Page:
Mitral valve stenosis — or mitral stenosis — is a narrowing of the heart's mitral valve. This abnormal valve doesn't open properly, blocking blood flow into the main pumping chamber of your heart (left ventricle). Mitral valve stenosis can make you tired and short of breath, among other problems.
The main cause of mitral valve stenosis is an infection called rheumatic fever, which is related to strep infections. Rheumatic fever — now rare in the United States, but still common in developing countries — can scar the mitral valve. Left untreated, mitral valve stenosis can lead to serious heart complications.
You may feel fine with mitral valve stenosis, or you may have minimal symptoms for decades. However, mild problems can suddenly worsen. See your doctor if you develop:
Shortness of breath, especially with exertion or when you lie down
Fatigue, especially during increased physical activity
Swollen feet or legs
Heart palpitations — sensations of a rapid, fluttering heartbeat
Dizziness or fainting
Heavy coughing, sometimes with blood-tinged sputum
Chest discomfort or chest pain
Severe headache, trouble speaking or other symptoms of stroke
Mitral valve stenosis symptoms may appear or worsen anytime your heart rate increases, such as during exercise. An episode of rapid heartbeats may accompany these symptoms. Or they may be triggered by pregnancy or other body stress, such as an infection.
In mitral valve stenosis, pressure that builds up in the heart is then sent back to the lungs, resulting in fluid buildup (congestion) and shortness of breath.
Symptoms of mitral valve stenosis most often appear in between the ages of 30 and 50 in developed nations, but they can occur at any age — even during childhood.
Mitral valve stenosis may also produce signs that your doctor will find during your examination. These may include:
Fluid buildup in the lungs
Irregular heart rhythms (arrhythmias)
When to see a doctor
Call your doctor for an immediate appointment if you develop fatigue or shortness of breath during physical activity, heart palpitations or chest pain.
If you've been diagnosed with mitral valve stenosis but haven't had symptoms, talk to your doctor about follow-up evaluations.
Causes of mitral valve stenosis include:
Rheumatic fever. A complication of strep throat, rheumatic fever can damage the mitral valve. Rheumatic fever is the most common cause of mitral valve stenosis. It can damage the mitral valve by causing the flaps to thicken or fuse. Signs and symptoms of mitral valve stenosis might not show up for years.
Calcium deposits. As you age, calcium deposits can build up around the ring around the mitral valve (annulus), which can occasionally cause mitral valve stenosis.
Other causes. In rare cases, babies are born with a narrowed mitral valve (congenital defect) that causes problems over time. Surgery is usually recommended to repair congenital mitral stenosis. Other rare causes include radiation to the chest and some autoimmune diseases, such as lupus.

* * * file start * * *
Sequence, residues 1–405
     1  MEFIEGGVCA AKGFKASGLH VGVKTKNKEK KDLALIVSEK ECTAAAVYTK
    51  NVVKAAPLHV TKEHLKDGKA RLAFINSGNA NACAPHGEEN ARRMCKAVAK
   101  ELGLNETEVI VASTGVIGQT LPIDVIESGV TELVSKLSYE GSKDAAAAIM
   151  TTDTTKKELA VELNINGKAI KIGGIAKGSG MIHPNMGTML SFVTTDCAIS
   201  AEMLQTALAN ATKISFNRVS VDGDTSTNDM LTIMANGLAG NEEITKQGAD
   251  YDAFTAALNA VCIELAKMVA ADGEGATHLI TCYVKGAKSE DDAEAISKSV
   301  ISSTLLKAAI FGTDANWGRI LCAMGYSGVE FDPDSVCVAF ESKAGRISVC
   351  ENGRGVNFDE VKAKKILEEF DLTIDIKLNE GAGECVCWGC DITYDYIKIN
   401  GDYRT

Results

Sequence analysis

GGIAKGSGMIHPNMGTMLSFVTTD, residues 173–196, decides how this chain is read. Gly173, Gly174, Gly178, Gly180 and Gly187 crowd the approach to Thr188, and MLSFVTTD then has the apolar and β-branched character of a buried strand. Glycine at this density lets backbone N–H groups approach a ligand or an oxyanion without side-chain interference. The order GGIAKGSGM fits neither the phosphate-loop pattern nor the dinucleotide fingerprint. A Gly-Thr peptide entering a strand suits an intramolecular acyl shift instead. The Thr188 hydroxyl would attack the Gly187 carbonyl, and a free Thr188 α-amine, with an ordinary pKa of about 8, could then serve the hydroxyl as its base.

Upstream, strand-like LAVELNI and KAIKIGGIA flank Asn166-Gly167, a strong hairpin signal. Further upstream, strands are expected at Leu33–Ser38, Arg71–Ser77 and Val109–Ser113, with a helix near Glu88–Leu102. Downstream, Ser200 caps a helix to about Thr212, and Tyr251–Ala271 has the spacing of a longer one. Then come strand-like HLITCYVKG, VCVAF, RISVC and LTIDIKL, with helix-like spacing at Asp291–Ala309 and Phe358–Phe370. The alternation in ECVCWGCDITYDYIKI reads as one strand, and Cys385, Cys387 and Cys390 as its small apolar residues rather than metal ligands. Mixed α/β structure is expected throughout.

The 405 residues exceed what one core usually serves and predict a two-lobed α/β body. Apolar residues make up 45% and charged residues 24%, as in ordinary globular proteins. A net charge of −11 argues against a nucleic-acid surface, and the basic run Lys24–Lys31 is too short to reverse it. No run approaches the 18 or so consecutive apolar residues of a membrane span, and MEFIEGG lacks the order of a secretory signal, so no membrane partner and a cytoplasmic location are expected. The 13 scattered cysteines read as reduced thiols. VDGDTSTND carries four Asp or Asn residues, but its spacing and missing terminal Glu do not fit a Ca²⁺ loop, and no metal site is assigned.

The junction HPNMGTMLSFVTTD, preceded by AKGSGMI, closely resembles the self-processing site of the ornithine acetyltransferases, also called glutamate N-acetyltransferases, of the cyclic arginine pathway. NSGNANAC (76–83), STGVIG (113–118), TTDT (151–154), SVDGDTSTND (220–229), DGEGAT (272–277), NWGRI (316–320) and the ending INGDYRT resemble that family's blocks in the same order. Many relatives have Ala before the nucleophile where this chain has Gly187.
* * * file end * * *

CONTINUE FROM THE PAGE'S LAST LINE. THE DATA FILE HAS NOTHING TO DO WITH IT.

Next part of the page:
How the heart works
The heart, the center of your circulatory system, consists of four chambers. The two upper chambers (atria) receive blood. The two lower chambers (ventricles) pump blood.
Four heart valves open and close to let blood flow in only one direction through your heart. The mitral valve — which lies between the two chambers on the left side of your heart — comprises two flaps of tissue called leaflets.
The mitral valve opens when blood flows from the left atrium to the left ventricle. Then the flaps close to prevent the blood that has just passed into the left ventricle from flowing backward. A defective heart valve fails to either open or close fully.
Mitral valve stenosis is less common today than it once was because the most common cause, rheumatic fever, is rare in the United States. However, rheumatic fever remains a problem in developing nations.
Risk factors for mitral valve stenosis include:
History of rheumatic fever
Untreated strep infections
Like other heart valve problems, mitral valve stenosis can strain your heart and decrease blood flow. Untreated, mitral valve stenosis can lead to complications such as:
Pulmonary hypertension. This is a condition in which there's increased pressure in the arteries that carry blood from your heart to your lungs (pulmonary arteries), causing your heart to work harder.
Heart failure. A narrowed mitral valve interferes with blood flow. This can cause pressure to build in your lungs, leading to fluid accumulation. The fluid buildup strains the right side of the heart, leading to right heart failure. With severe narrowing of the mitral valve, over time, the heart's ability to pump blood may be reduced.
Heart enlargement. The pressure buildup of mitral valve stenosis results in enlargement of your heart's upper left chamber (atrium).
Atrial fibrillation. The stretching and enlargement of your heart's left atrium may lead to this heart rhythm irregularity in which the upper chambers of your heart beat chaotically and too quickly.